There should be an unwritten rule for high-end audio shows, and it is this: if you are going to play Dean Martin’s Dream with Dean, then you need to play it at the appropriate volume. This great-sounding album, one of my favorite reference LPs, is billed as “the intimate Dean Martin,” and Dean should sound like he’s whispering in your ear and not bellowing at you through a megaphone. At High End 2019, I was witness to this aberration in the Raidho, GamuT, Chord and Pear Audio Blue room. I kept staring at the guys running the room, wondering if someone was going to turn the volume knob counter-clockwise, and no one seemed to notice. That was unfortunate, but that sonic distressed was short-lived–once Dean was replaced with something a little more rawkin’, my impression of this magnificent system immediately changed.
I have a distinct fondness for Raidho Acoustics speakers. I think their current line of loudspeakers sets the bar for high frequency performance, thanks to the development of their FTT75 ribbon tweeter. Every time I’ve listened to a pair of Raidho speakers, I have been floored by the sheer transparency of the sound and the ability to hear deep into the musical event. At High End 2019, they debuted the TD 3.8 loudspeaker (88,000 euros/pair), their first mid-sized model to implement the larger 8″ woofer cones. TD stands for tantalum/diamond, which is the material used in the new woofer and midrange drivers that feature “one of the strongest motor systems in the world.”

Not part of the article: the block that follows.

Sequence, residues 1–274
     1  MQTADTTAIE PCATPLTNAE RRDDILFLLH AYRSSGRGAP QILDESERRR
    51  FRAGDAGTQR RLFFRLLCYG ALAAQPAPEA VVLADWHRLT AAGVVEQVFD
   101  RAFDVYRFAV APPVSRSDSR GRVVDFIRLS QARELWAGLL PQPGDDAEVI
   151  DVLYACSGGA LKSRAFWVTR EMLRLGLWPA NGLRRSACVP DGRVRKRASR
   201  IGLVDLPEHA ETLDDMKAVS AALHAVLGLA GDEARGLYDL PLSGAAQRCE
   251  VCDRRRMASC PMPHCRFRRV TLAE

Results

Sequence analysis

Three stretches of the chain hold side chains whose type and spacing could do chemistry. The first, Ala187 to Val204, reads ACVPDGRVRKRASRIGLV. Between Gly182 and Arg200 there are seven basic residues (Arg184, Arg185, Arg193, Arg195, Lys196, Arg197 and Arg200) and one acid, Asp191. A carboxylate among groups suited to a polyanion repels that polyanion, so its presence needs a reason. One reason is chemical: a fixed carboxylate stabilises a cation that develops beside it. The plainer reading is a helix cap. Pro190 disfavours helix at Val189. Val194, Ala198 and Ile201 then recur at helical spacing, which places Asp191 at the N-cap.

I’m also a huge fan of GamuT ever since I heard their big speakers, now called the Zodiac, perform off-site at CES many years ago. This time, only GamuT cabling was used in the system, albeit from their Reference Line, with amplification handed over to Chord and their gorgeous, distinctive Ultima 2 monoblocks ($30,000/pair), Symphonic phono stage ($4500) and CPA 5000 preamp ($17,500). A beautiful Pear Audio Blue Odar turntable with Cornet arm ($15,000) with the mysterious Top Wing Red Dragon cartridge from Japan ($16,000) served as the source.
In know I kid about the Dean Martin–there was so much drive and clarity to this system that I can’t blame the demo guys at High End 2019 for getting a little too enthusiastic about the volume levels. I’ve discussed the incredible Raidho treble capabilities at length, but the bass in this room was so tight and controlled and free from distortion that it left bruises. That analog rig, by the way, deserves a lot of the credit for solid-as-a-rock stability in the image as well as plenty of air and space around the thunder. (I’m only now learning about the excellence of Top Wing.) Complaining about the loudness at a high-end audio show is a bit of a cliche, and I feel old for doing it. While Dream with Dean is almost sacred to me, I’m glad I stayed in the room and let these gentlemen make a great second impression.